During the debate over the details of the PPACA in Congress, there was some suggestion of creating a national, single-payer, health care system by expanding Medicaid coverage to all people in the U.S. This was immediately denounced as “socialism” and therefore anathema. Instead, the PPACA expanded the coverage for some people.

Up until the passage of the Act, Medicaid eligibility was incomes at or below the poverty line. Section 2001 expands this coverage, starting in 2014, to those with incomes up to 133% of the poverty line. Additionally, whereas before childless or non-pregnant adults under 65 were not eligible unless they were disabled, those restrictions will be removed. The Congressional Budget Office estimates that this will be 16 million additional people. This increase is fully funded by the federal government for 3 years, decreasing each year after that until its final funding level of 90% starting in 20201.

You can’t enroll yourself, if you don’t enroll your children, or have them covered in some other way.

The states can’t limit enrollment until they have operating Exchanges.

Medicaid must offer the minimum essential coverage that is required by the PPACA in general.

Mental health services must be offered in the same manner as other medical services – known as mental health parity.

Reports shall be made!

Section 2002 says that adjusted gross income will be used, and you can’t leave out any income, but you can’t have an asset test. This doesn’t apply if you are getting other aid that makes you eligible, you are over 65, you are blind, or disabled. Current enrollees are grandfathered in.

Section 2003 says that if you are eligible for Medicaid, you, and your children, don’t lose that eligibility if you don’t apply for insurance through an employer.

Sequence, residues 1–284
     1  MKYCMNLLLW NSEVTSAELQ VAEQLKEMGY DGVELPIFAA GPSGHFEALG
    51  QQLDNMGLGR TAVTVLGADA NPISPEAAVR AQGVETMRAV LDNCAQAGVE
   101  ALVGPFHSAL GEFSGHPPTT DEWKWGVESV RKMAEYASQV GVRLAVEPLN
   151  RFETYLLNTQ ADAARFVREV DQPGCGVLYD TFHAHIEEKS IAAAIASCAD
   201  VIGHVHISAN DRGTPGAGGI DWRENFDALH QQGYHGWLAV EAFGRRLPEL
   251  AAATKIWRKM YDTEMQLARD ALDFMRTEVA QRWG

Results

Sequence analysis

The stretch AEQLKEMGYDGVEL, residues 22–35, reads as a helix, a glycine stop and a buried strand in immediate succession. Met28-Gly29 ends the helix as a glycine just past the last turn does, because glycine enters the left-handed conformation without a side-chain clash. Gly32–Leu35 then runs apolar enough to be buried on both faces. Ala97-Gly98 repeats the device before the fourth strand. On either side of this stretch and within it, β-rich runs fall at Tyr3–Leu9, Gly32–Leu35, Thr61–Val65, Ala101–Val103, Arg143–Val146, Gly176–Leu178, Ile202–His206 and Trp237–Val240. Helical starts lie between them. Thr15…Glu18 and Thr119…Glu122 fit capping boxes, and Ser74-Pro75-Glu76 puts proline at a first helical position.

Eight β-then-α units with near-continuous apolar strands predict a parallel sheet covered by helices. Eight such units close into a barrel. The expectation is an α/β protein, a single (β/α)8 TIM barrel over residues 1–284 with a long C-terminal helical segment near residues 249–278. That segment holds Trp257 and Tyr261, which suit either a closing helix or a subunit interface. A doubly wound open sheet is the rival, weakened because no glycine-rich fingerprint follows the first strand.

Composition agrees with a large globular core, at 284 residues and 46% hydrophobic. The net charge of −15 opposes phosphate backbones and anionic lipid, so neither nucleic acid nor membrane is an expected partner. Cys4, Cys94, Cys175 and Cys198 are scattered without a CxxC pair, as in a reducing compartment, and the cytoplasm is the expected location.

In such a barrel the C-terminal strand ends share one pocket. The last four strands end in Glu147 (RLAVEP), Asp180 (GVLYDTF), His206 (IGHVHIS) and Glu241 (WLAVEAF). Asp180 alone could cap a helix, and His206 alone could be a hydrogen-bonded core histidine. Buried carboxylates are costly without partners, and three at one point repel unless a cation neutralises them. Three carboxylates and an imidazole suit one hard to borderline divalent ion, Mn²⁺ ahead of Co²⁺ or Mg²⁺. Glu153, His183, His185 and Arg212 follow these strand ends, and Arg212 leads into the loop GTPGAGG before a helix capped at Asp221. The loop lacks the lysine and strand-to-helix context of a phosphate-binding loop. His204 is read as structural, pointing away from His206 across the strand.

Section 2004 increases the age limit for eligibility for Medicaid for former foster children, who wouldn’t have the opportunity, then, to be on a parent’s insurance.

Section 2005 gives more money to the US territories. Quick! Who can name them?? Puerto Rico, the Virgin Islands, Guam, the Northern Mariana Island and American Samoa.

Section 2006 gives more money, for two years, to areas hit by natural disasters.

Section 2007 rescinds money due to the Medicaid Improvement Fund for years 2014 through 2018, if it isn’t spent. On a fascinating side note, go to this page http://www.ssa.gov/OP_Home/ssact/title19/1941.htm and read the foot notes about all the changes that have taken place in just this one section. Oh Congress.

1 it should be noted that Texas, or rather its governor, among other states, has already stated that it will not enact this portion of the PPACA. While we haven’t gotten to the portion that is the stick to this carrot, the Supreme Court struck down the portion of the PPACA that stated that if a state didn’t increase eligibility, that ALL of its Medicaid funding would be rescinded. Instead, only the portion for the increase will not be given. I leave it to the Legislatures of the various states to explain why they aren’t insuring their citizens.

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The Interwebz! Studies! Ponies!

A few final miscellania

Section 1561 discusses new standards for health information technology. The Public Health Service Act is modified to require standards to facilitate the enrollment into these various programs. They will do this through creating systems of electronic applications; utilizing current eligibility data, such as employment and tax records; reusing existing documents; providing places for enrollees to fill out these eligibility forms; and so on. It also authorizes grants for this purpose to the states.